Starting her work day an hour before everyone else also had its advantages. In the morning, the biologist parked her car next to the government truck and transferred the skull and the horns.
A long day of hiking passed slowly. The anticipation of setting the skull in its new home was a bit overwhelming. Finally, the work day ended, and the biologist drove home.
“Hi, honey! You’ll never guess what I found?”
“Hints? Wait. Where is it?”
“In the trunk of the car.”
“Take it back.”
“Take it back.”
“You don’t know what it is.”
“If it’s still in the trunk of your car, I know what it is. Without a plug, you’ll be arrested.”
“Who’s going to know?”
“I will. Take it back. ”
The next morning, the biologist, drove to work and, arriving an hour ahead of everyone else, moved the pieces, with great reluctance. She reassembled the skull, the jaw, and the beautiful full curl horns on a desk at the US Department of Interior Fish and Wildlife Service, National Wildlife Refuge headquarters.
And acted as if nothing had ever happened.
It was just a skull. Imagine if I had roped a T. rex on the range and taken it home.
You never really know what you’re going to get. Central South Dakota is not exactly a hotspot. I blew through it a few times on the interstate. If you can call five and a half hours blowing through. It was just a necessity of moving from point A to point B. They raised the speed limit to 80 recently. That helps.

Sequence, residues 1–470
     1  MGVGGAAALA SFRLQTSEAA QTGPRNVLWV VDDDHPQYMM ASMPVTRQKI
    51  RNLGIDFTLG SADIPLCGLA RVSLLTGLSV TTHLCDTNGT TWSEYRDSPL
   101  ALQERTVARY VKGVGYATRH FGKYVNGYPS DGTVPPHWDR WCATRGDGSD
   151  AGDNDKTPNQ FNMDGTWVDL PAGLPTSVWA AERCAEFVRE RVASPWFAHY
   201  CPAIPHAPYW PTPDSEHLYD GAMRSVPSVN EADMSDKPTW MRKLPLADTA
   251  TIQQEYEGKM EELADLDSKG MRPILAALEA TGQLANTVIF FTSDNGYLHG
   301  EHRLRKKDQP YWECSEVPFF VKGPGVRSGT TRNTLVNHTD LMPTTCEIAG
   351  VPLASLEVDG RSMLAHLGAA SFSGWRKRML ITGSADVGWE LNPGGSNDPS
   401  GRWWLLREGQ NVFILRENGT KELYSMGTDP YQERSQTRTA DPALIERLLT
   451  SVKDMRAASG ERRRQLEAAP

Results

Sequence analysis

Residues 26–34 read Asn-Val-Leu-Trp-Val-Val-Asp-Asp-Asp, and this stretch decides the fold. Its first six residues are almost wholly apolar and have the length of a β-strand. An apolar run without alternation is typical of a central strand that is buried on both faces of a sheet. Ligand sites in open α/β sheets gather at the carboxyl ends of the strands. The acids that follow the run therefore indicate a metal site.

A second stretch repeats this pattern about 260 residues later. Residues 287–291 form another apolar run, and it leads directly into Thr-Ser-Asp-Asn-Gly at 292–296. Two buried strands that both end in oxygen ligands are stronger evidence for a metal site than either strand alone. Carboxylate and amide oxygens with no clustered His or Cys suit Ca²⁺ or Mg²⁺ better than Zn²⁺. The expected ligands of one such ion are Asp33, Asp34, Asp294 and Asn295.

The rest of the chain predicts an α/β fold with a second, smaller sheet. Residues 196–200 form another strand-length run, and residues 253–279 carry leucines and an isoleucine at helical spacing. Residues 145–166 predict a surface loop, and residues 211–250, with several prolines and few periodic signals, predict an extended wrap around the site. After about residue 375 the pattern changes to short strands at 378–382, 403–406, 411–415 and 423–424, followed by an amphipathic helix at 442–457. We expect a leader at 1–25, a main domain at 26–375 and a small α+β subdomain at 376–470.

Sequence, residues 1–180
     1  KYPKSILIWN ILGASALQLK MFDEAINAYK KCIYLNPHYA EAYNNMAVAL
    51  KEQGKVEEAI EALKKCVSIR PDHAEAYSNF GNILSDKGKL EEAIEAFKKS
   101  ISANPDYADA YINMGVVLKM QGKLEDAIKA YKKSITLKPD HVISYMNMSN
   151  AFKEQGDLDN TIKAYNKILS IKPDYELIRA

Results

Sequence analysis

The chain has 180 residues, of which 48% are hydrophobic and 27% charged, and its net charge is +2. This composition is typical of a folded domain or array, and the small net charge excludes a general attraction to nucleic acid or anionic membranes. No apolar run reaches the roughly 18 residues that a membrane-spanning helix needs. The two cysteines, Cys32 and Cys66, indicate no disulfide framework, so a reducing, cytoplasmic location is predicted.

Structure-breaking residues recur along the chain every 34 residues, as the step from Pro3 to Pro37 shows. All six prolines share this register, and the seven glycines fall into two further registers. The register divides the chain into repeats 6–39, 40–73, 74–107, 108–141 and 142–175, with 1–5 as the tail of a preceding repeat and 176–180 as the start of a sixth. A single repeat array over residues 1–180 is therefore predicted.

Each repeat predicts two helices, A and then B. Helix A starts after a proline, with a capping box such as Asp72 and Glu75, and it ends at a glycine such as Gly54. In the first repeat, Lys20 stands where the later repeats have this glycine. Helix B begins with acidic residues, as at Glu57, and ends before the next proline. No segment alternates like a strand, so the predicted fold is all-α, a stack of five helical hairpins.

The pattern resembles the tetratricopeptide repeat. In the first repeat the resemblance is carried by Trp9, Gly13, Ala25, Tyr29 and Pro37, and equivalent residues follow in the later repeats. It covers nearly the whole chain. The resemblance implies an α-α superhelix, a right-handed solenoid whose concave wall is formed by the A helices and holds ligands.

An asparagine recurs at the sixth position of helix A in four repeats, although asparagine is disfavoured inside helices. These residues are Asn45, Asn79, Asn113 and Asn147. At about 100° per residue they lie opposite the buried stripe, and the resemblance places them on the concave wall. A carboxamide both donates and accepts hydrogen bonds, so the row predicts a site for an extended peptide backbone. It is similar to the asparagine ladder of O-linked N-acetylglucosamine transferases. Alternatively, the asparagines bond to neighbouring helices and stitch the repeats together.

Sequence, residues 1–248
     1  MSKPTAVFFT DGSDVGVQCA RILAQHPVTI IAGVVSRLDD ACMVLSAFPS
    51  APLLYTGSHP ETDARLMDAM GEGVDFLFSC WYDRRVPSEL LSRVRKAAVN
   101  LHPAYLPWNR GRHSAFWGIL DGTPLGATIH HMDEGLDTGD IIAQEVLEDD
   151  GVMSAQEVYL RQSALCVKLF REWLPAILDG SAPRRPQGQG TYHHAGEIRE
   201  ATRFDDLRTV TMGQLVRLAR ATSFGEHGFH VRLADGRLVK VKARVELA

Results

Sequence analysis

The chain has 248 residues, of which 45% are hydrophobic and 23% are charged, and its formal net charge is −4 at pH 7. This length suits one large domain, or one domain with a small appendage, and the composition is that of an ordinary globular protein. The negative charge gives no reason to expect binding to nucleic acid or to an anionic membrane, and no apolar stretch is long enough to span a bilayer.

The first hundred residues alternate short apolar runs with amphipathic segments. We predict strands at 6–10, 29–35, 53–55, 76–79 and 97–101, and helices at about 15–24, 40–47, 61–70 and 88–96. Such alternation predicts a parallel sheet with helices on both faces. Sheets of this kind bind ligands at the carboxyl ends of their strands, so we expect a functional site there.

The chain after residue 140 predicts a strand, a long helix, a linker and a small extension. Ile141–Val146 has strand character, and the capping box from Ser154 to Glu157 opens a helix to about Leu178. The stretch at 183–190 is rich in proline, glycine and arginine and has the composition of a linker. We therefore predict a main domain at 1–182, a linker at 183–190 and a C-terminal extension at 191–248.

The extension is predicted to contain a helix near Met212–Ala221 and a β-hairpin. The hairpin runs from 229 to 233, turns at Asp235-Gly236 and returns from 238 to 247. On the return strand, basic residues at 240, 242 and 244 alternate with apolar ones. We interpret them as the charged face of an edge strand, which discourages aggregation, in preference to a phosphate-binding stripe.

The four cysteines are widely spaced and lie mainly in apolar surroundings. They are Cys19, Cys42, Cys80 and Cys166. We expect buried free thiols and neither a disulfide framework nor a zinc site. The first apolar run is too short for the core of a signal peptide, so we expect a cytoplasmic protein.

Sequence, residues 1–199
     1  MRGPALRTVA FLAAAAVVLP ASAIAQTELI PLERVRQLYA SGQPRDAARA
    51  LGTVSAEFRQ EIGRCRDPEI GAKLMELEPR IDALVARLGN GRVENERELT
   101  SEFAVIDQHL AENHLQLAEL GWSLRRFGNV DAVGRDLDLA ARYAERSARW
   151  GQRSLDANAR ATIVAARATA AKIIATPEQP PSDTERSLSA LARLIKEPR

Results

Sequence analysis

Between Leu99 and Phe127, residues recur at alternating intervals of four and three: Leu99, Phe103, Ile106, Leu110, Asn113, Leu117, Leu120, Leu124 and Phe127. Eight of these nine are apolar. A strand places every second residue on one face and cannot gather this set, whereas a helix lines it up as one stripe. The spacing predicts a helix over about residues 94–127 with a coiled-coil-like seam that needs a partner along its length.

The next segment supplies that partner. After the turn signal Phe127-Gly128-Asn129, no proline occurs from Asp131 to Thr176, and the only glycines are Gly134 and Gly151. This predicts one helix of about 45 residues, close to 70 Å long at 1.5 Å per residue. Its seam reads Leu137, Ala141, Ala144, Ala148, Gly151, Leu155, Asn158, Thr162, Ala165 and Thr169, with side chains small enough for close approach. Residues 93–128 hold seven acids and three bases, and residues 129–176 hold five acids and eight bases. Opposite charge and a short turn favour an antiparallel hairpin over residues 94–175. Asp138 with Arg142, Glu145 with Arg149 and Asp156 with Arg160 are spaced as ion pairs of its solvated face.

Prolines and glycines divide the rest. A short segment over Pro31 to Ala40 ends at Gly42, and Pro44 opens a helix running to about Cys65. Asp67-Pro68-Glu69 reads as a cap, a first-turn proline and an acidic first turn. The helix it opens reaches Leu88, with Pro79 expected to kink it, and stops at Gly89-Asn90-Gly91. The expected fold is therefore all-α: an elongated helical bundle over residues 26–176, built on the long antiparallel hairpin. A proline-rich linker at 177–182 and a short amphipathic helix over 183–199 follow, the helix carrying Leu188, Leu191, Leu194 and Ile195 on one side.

For a month one autumn I drove around in circles in central South Dakota. I wasn’t lost or stuck. I was looking for migrating birds. I didn’t find what I was looking for. And that was a good thing. It seems I was the one who should have been migrating.
One evening there was a horde of Franklin’s gulls, on Crow Lake. Naturally. It was dusk, the light was beautiful. In my endless circling, I saw the flocks, pushed by the wind, accumulating in the southern bay. In the air and on the water, they were everywhere.
I took this photo for the light, the motion, and the fluidity of the scene. I returned at dawn, better prepared to photograph the migrating mass, but, in the air or on the water, there were no birds anywhere.
There were two signs on the front of the building. The more prominent sign did not declare 2 7/8 as the name of the bar, but, rather, said, “ZERO TOLERANCE TO FIGHTING ON 2 7/8 PREMISES.” Welcome to fracking-boomtown North Dakota. I drove by.
That evening a massive thunderstorm piled up along the horizon, clouds towering above open plains, building strength, collecting moisture. Until, in the deepest dark of a moonless night, they had enough and let loose.